This interview is published as part of Pledge 1%’s Women Who Lead series, which celebrates women in the Pledge 1% community who are creating change within their workplace and communities.
Q1: What is your Name and Title?
Alexandra Lindsay, Head of Marketing for hobbyDB.
Q2: How long have you been in your current position?
A year and a half.
Q3: What inspired you to work in this industry?
One of the best parts of the tech start-up industry is how fast paced and collaborative it can be. Working for a start-up gives me the opportunity and autonomy to influence the creation and development of a new entity. I feel very fortunate to be able to work with some of the best minds in tech to create solutions in the areas of genealogy (at Mocavo) and collectibles (at hobbyDB) used by millions of people.
Q4: What would you tell women who are looking to work in tech? Any advice on how they can build their career?
I’m very lucky to have come from a line of strong, working women. When I was talking with my Nana, (who was born in 1939) about this interview, the first thing she shouted when I asked her this question was “DO IT!” Our generation is so fortunate in that we have had many women who came before us who fought to open doors and opportunities that they never had as working women. Although there is still a long way to go in terms of full equality, we owe it to past and future generations to have the courage to push ourselves into male dominated industries such as tech, and into leadership positions where we really can make a positive difference. I would also encourage women to build up and support their women colleagues. The more we can work together to build strong female leaders, the more positive influence we will have.
Q5: Is your company a Pledge 1% member or do you personally give back to your community? If so, how do you give and to what cause?
I’m proud to say that every company that I’ve worked for in Colorado has been a Pledge 1% member. It is such a wonderful way for us to prioritize giving back to a community that continues to support Colorado start-ups.
Q6: Do you serve as a mentor? What does mentorship mean to you?
Throughout my life, I’ve had many important mentors who have helped mold me into the leader that I am today. Because of the positive influence they have had in my life, I knew that I also wanted to be a mentor. Luckily, there are many ways to become involved in your community as a mentor. During my time at the CU Boulder, I decided to take on the challenge of coaching a high school girls’ soccer team. Throughout the three years that I coached these young women, not only did I get to serve as a mentor for them as they prepared for their next adventures after high school, I learned more about myself than I ever expected. These young women gave me the courage to be myself, throw fear to the wind, and embrace vulnerability; all of which have helped me become a stronger leader in my career. That’s the best part about mentorship, that it truly can be a two-way street and you never know what you’re going to learn. I would encourage everyone to both find mentors to help you grow throughout your journey, and also find individuals that you can positively influence through mentorship.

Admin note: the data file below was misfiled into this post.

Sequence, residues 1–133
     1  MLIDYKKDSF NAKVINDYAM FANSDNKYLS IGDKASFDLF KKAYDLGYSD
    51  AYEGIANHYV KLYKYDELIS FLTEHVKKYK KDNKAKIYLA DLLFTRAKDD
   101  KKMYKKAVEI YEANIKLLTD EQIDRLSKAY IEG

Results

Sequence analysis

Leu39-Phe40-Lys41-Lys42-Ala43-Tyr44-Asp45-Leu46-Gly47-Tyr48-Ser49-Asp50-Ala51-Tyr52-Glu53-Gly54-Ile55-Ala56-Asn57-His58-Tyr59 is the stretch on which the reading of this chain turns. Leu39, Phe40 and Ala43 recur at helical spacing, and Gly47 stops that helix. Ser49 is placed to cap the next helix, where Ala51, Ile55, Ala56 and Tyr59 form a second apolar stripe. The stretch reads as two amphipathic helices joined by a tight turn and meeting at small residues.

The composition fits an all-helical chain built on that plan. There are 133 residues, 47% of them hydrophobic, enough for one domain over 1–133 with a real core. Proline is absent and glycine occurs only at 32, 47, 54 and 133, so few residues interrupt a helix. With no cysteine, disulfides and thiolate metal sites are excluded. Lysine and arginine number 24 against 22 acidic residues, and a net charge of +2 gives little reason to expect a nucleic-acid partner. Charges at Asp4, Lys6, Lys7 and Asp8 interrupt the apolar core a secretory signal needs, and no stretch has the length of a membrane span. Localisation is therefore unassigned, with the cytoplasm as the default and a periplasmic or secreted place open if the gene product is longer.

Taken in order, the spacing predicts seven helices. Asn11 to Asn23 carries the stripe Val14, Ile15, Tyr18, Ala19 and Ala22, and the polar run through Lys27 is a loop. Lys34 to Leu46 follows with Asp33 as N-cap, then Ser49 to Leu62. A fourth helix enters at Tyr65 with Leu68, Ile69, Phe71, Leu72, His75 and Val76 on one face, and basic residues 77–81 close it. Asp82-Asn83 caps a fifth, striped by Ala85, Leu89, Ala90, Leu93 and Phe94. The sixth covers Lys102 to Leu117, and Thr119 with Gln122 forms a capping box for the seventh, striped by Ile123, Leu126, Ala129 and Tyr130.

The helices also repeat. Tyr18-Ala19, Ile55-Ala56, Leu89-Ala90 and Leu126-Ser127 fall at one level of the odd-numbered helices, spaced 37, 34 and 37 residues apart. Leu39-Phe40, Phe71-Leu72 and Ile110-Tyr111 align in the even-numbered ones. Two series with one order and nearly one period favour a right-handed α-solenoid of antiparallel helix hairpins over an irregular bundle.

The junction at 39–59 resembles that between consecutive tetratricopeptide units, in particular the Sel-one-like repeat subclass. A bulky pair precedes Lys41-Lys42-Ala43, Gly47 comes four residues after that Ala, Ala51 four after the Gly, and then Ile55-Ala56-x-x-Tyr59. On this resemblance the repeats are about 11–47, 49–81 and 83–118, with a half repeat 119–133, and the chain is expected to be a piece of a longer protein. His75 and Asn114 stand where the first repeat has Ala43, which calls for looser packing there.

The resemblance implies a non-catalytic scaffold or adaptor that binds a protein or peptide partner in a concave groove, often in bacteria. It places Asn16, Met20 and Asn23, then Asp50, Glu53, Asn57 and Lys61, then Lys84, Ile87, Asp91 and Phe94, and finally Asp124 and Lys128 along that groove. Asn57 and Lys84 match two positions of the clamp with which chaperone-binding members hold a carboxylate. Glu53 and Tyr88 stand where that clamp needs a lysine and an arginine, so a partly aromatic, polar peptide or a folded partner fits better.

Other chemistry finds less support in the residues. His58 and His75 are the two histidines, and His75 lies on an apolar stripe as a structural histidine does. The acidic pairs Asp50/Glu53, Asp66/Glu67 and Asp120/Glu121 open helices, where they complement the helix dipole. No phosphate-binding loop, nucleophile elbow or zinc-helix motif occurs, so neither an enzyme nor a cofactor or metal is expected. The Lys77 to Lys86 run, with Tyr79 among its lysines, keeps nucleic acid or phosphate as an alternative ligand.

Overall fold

Q7: What’s the best piece of advice you’ve received to help you with your career?
One of the best pieces of advice that I’ve received is to show up and work hard. It’s as simple as that. I believe that responsibility is taken, not earned. The more you can be counted on to show up every day and do a great job when no one is looking, the further you will go in your career.
The other piece of great advice that I’ve received is to lead with vulnerability. What this means to me is to have the courage to put yourself out there and potentially fail, to learn from your mistakes, to have honest, compassionate conversations with your team members, and to always be open-minded and daring.
Q8: What’s the one piece of advice you would give to yourself 5 years ago?
Worrying is never productive. I’ve come to find that if I focus on setting myself up for success, and having a positive outlook, I am exponentially more successful than if I would have just worried. Realize that it’s okay if you don’t know everything and that you’re not ever going to be perfect. It’s always okay to ask for help and seek out the support of those who are rooting for you to succeed. One of the best parts of the journey is pushing yourself to learn and then applying that new knowledge to problems that you never thought you could solve.